Spring has sprung, and if you’re like most homesteaders, you have big ideas for your garden. But a bountiful harvest starts with great soil, and to have nutrient rich earth to feed your plants, you need the right type of fertilizer. One great source for foliage fuel is to get it from your own home compost pile.
Here are some ways to start composting at home:
Know What You Can (and Can’t) Compost
Your “black gold” starts with putting the right products into your compost bin. We recommend having a sealed container that can set on your kitchen countertop without being an eyesore (but tight enough to hide potential odors.) Fill it with scraps after each meal, including things like eggshells and coffee grounds.
Stay away from anything that’s greasy (including meat) or dairy products. And if you’re piling the compost somewhere outside or putting it in a large barrel, steer clear of dog and cat waste.
Make a Tumbler
Every so often, you need to mix your new compost in with the old. A DIY tumbler is one of the best ways to combine green and brown compost without getting messy. Simply rotate the barrel and allow it to set in “mini batches” until you’re ready to dump it out.
No Barrel? Dig a Trench
Trench composting is an alternative to conventional “stirring” type compost bins and barrels. It’s exactly what it sounds like: a dug trench that extends through the length of your garden, where your compost is buried. You can choose to plant right on top of it or let it set for a year before planting. Using a personal sized dozer such as the MAGNATRAC with a trenching attachment is a fast and easy way to get the job done right.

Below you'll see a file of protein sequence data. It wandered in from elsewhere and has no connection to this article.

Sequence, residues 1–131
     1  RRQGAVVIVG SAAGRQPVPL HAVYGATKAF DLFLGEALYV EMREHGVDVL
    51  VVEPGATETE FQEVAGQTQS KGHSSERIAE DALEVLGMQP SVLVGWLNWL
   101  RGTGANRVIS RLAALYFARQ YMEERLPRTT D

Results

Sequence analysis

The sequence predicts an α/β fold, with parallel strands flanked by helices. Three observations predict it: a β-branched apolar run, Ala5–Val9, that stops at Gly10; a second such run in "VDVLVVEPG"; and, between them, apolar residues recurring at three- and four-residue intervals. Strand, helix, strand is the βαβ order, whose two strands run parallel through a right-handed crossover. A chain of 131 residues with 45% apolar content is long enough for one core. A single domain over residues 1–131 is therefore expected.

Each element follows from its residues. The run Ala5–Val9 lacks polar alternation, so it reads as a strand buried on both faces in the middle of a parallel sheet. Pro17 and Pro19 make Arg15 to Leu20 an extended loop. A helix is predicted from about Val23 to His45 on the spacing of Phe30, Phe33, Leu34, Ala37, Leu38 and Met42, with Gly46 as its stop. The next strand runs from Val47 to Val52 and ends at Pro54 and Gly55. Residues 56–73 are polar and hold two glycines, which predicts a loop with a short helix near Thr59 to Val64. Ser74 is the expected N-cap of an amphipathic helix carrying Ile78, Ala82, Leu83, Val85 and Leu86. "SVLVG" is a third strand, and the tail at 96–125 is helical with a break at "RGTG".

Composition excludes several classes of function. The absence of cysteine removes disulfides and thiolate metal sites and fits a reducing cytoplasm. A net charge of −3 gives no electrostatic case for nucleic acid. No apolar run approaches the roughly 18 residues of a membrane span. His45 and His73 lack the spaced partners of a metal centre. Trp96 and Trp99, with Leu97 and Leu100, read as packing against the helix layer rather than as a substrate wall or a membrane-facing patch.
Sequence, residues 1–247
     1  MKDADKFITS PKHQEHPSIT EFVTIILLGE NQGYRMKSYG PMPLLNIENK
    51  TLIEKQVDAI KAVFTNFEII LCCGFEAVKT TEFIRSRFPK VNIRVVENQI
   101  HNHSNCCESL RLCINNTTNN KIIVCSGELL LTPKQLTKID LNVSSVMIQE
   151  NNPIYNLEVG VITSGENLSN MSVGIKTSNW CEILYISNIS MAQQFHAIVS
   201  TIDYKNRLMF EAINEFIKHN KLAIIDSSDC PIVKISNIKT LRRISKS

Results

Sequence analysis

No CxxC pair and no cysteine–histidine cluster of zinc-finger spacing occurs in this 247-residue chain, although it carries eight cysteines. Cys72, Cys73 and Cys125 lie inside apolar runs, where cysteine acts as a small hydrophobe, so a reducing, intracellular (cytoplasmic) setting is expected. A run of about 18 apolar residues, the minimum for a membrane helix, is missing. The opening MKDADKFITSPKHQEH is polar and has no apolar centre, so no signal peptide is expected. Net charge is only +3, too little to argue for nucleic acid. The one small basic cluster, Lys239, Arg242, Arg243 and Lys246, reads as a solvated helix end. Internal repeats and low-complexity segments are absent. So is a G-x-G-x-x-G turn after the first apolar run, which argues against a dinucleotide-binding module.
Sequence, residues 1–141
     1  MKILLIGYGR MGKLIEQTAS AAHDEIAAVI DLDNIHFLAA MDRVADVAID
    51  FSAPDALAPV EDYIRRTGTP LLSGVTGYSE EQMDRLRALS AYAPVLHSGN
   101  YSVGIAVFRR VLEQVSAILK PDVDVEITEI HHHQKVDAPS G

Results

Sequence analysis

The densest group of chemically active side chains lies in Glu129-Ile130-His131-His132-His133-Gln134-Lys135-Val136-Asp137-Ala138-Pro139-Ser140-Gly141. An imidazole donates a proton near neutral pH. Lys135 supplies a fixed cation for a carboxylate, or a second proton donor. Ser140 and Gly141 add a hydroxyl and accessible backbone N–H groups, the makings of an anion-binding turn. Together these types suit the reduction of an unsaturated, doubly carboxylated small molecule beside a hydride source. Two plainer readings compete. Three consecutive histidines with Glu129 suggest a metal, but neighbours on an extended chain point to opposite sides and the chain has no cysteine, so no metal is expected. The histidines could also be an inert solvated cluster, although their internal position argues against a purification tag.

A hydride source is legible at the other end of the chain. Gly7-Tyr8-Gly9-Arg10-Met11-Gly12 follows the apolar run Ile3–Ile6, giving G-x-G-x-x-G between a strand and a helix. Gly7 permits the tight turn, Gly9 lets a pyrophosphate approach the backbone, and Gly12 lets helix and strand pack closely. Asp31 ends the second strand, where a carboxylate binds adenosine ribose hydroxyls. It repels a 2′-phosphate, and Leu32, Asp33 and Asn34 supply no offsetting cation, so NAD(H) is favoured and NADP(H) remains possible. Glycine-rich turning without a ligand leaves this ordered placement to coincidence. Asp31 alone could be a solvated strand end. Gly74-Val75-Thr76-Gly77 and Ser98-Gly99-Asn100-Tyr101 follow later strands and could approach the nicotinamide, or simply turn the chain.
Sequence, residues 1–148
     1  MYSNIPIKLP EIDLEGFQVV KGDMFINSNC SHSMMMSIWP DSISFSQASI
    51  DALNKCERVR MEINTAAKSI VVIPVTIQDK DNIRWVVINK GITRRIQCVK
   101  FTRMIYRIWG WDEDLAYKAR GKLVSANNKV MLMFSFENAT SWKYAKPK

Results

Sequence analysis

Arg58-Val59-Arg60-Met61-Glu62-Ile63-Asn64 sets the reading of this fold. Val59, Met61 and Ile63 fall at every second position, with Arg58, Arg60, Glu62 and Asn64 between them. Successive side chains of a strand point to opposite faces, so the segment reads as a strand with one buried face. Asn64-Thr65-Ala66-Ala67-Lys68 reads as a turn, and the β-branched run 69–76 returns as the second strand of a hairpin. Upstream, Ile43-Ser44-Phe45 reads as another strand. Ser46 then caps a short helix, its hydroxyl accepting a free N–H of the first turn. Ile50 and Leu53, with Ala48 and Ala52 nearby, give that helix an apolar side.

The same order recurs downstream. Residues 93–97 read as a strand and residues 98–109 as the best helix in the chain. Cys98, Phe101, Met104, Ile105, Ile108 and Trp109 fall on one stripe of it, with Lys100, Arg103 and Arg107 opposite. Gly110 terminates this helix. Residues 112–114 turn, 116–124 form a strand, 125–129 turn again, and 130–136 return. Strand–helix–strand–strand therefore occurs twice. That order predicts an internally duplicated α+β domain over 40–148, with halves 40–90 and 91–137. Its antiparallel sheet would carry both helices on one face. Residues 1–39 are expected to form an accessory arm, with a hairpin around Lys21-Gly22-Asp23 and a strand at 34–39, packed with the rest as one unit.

Use the Right Ratio of Products
For scraps and yard clippings to turn into compost, it needs to heat up. A mixture of “green” and “brown” products helps to create larger amounts of compost at one time. But before that can happen, the pile needs to be large enough. As a rule, you want to have 3 parts of older “brown” waste to every 1 part of “green” fresh waste. Your green nitrogen waste comes from kitchen scraps, while brown waste is usually carbon rich tree products like leaves, pine needles, and bark.
Keep it Moist
In order to ensure the products are breaking down properly (and to initiate heating in larger, dry piles) you need to add moisture when turning or stirring your compost. Just don’t add too much water, or the mulch will start to rot and become bacteria ridden instead of turning into quality compost.
Watch for Steam and Earthworms
Do you see vapor or steam coming up from the middle of your composting pile? It’s doing its job! When it’s time to stir it over, look for signs of earthworms. Not only do worms love mulch, but they speed up the decomposition process and help you achieve a richer product that feeds your garden.